▼ Renault are coming under scrutiny yet again, particularly from the Red Bull camp who has suffered more than their fair share of retirements as a result of power unit issues. The sadly familiar sight of a Red Bull having to retire not only robbed a primed Hungarian crowd of the spectacle of their boy fighting to mix it with the other top runners.

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German GP power rankings

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What a race, what a crowd, what scenes! Whether cheering on home drivers Sebastian Vettel or Nico Hulkenberg, German-based Mercedes or generally well supported Max Verstappen, a huge capacity crowd was treated to one of Hamilton’s greatest drives. 

Here’s the drivers that are more Ocktoberfest, and others that are more Saukraut. 

Moving on up

▲ Lewis Hamilton achieved something even he has never done before — winning a race after qualifying outside the top ten. Sure Vettel took himself out of contention, and the safety car helped, and team orders played a part, but anyway you slice it Hamilton's victory required a single-minded determination to score the maximum points possible, and with a little help from some friendly nimbus clouds, the Rain King® has resurrected his championship tilt.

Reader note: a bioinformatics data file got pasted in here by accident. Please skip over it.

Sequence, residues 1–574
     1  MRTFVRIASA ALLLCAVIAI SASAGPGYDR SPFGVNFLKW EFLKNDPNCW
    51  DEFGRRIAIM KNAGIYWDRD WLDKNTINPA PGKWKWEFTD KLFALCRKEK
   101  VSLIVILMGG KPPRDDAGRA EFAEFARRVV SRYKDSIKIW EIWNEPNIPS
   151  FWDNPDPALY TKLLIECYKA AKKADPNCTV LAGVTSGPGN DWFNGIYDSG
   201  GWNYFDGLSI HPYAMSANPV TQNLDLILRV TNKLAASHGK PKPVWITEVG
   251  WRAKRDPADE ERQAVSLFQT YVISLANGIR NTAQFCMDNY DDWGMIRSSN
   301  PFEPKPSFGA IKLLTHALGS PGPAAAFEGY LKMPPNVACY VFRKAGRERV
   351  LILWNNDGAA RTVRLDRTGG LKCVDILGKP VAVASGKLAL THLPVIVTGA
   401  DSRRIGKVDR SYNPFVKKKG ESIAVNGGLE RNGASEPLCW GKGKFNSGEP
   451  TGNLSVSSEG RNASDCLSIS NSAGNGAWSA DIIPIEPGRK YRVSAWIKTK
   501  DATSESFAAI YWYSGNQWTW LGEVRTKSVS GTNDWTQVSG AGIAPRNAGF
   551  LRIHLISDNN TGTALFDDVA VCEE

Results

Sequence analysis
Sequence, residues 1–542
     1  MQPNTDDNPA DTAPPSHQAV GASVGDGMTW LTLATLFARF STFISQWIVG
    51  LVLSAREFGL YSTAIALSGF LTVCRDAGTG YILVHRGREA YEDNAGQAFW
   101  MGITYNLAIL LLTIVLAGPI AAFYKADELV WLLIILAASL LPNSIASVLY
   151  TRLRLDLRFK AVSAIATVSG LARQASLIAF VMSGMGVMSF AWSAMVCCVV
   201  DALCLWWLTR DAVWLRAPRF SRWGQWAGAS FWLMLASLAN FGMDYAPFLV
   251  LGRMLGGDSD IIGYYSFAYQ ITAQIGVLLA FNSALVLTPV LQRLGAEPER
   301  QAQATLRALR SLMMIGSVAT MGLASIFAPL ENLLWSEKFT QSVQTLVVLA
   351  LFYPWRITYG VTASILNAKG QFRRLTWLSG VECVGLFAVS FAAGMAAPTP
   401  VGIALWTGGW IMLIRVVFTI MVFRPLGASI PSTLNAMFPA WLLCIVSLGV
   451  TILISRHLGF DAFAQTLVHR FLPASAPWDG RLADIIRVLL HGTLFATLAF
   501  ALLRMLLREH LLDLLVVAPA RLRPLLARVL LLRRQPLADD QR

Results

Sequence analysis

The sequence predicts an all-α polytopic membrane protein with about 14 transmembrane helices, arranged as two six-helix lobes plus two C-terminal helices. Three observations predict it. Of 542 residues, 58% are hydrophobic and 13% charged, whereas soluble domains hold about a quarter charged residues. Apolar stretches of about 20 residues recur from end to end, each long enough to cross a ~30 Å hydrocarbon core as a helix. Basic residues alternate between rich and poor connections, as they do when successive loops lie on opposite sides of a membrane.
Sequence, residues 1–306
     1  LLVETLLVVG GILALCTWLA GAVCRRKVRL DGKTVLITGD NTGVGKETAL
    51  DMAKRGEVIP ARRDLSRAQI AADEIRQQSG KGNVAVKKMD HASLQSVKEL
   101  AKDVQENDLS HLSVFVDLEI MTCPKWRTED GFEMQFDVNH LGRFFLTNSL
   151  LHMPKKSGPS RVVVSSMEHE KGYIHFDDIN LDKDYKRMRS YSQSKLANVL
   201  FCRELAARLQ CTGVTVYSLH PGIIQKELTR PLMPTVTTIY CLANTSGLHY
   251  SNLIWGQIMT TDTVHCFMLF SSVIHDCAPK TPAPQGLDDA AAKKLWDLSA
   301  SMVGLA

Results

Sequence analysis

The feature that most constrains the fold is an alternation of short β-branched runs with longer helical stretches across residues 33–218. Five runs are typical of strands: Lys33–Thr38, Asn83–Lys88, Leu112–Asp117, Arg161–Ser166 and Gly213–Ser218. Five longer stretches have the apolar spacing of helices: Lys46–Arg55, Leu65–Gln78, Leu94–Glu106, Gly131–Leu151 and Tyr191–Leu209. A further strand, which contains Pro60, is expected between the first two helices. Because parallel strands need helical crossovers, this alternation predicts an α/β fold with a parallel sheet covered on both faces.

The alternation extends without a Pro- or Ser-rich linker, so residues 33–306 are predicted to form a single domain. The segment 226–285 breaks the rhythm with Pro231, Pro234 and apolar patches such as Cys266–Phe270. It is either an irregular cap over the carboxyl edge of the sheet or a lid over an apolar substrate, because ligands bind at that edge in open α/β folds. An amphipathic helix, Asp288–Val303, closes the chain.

▲ Valtteri Bottas performed more than admirably. As disappointing as it might look on paper for him to have started 2nd and finished 2nd behind the guy who started 14th, it was clear that Bottas not only hung on to the back of Vettel throughout the race, pressure that you could arguably say contributed to Vettel's accident. Bottas also clearly had the pace with much fresher tyres to challenge (and most likely pass) Hamilton in the final laps, with his blunted attack being the only blemish on his, or Mercedes' race.

▲ Nico Hulkenberg really brought the wiener to the wiener schnitzel-party in front of his home crowd, leading the midfield (albeit notably slower than the front-runners, even over the relatively short lap of the Hockenheimring). With his teammate dropping out the points after a safety-car indiscretion, Hulk showed that Renault were undeniably the fourth fastest car on the day, a title many are hustling to claim.

Backsliding

▼ Sebastian Vettel ran an almost perfect race until, of-course, he didn't. Nico Rosberg said he could relate to how Vettel was feeling in that moment, having made similar mistakes in the past, in a flash Vettel let his lead in the drivers' championship go, as well as handing the lead in the constructors' championship to Ferrari's main rivals.

▼ Carlos Sainz forgot how safety cars worked and was slapped on the wrist by the stewards for overtaking. Besides being just plain embarrassing, it cost him a points paying position. (And we might be a little sore about penalties affecting our predictions results for the second week running.)